“What hope there is for us lies in our nascent arts, for if we are to be remembered as more than a mass of people who lived and fought wars and died, it is for our arts that we will be remembered. The captains and the kinds depart; the great fortunes wither, leaving no trace; inherited morals dissipate as rapidly as inherited wealth; the multitudes blow away like locusts; the record and barriers go down. The rulers, too, are forgotten unless they have had the forethought to surround themselves with singers and makers, poets and artificers in things of the mind.” ~ Maxwell Anderson, “Whatever Hope We Have” from Michael Eisner’s book Work in Progress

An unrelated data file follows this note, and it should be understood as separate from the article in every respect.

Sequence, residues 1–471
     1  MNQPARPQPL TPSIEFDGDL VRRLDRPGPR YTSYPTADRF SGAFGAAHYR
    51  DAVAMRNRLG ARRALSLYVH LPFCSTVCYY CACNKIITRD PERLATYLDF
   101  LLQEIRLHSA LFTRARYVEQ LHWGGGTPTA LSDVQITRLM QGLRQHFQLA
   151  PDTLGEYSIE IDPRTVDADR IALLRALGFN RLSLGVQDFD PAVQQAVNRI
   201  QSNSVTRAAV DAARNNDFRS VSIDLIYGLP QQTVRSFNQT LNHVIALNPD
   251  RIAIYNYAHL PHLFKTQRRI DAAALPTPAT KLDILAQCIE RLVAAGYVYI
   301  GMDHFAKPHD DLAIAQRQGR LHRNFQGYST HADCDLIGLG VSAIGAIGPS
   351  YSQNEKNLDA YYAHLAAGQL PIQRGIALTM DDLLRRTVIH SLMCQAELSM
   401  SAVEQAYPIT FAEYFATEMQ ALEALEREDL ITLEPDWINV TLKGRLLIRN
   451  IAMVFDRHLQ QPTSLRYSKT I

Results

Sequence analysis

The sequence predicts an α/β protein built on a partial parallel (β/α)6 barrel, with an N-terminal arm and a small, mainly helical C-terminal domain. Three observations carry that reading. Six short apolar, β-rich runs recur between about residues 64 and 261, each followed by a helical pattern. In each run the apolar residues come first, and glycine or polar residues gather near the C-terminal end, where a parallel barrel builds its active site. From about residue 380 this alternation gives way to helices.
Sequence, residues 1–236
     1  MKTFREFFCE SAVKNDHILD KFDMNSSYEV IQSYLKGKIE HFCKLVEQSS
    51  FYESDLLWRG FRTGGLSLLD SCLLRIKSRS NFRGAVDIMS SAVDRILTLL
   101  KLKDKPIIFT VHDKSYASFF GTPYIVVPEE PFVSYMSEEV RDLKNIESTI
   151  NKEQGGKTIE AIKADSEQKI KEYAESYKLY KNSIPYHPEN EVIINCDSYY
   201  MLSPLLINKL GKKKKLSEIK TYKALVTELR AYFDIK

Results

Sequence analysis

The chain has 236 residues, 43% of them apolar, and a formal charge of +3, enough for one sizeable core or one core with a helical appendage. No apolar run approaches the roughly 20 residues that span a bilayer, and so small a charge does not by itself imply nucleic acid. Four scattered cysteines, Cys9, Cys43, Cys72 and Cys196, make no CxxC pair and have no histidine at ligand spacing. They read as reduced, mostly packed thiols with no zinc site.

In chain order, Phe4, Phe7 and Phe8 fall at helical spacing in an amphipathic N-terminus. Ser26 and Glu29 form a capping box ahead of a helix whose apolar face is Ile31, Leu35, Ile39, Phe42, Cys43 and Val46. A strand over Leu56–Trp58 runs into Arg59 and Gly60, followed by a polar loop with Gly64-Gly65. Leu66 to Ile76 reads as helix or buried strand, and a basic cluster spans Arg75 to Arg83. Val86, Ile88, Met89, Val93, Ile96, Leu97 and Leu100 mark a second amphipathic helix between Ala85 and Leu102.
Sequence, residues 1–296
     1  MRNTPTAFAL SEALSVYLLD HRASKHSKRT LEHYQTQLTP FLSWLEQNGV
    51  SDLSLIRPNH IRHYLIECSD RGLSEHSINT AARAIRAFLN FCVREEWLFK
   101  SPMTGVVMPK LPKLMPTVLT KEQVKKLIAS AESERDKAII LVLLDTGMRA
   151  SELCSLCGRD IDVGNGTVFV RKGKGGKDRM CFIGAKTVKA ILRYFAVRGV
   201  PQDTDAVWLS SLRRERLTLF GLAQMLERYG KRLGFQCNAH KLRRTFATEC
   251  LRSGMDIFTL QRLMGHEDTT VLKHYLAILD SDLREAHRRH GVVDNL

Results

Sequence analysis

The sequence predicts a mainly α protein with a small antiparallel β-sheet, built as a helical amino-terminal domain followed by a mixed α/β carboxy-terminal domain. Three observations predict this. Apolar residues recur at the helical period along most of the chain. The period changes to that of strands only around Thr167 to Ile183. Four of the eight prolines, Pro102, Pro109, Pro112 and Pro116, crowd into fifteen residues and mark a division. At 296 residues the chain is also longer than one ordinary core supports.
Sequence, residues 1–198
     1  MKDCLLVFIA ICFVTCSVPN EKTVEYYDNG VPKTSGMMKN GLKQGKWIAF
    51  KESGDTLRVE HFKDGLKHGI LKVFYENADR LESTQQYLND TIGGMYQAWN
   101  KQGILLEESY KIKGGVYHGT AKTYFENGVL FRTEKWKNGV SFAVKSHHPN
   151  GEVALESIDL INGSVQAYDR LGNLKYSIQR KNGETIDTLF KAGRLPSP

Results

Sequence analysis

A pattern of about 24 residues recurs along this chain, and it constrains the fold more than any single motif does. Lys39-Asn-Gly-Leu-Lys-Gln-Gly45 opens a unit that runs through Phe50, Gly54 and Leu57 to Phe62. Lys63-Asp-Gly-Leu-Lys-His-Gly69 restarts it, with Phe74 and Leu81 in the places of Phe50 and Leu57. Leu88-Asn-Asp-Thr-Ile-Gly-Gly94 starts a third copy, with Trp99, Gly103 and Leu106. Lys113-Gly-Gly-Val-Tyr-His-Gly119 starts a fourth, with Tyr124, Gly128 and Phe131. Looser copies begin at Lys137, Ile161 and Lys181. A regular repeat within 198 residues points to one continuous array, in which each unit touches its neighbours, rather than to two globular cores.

I finally saw the movie The Monuments Men, the story of 7 brave men who recovered 5 million works of priceless art that were stolen by the Nazis during World War II. The movie passionately and astutely raises the questions, “Does art matter, and if so, why? And is it worth dying for?” At one point an answer is clearly articulated: if we lose our art, then we lose our culture and history; and if we lose that then it’s as if we never existed. As someone who started a career in the arts, had a career in business, and now is determined to combine the two, I couldn’t agree more. Art matters because it holds our essence, the very seed of who are and what we care about. It is us. Creating art is the only thing we can do that lets us connect across the generations, long after we’re gone. It’s the only mark we can truly leave with the world.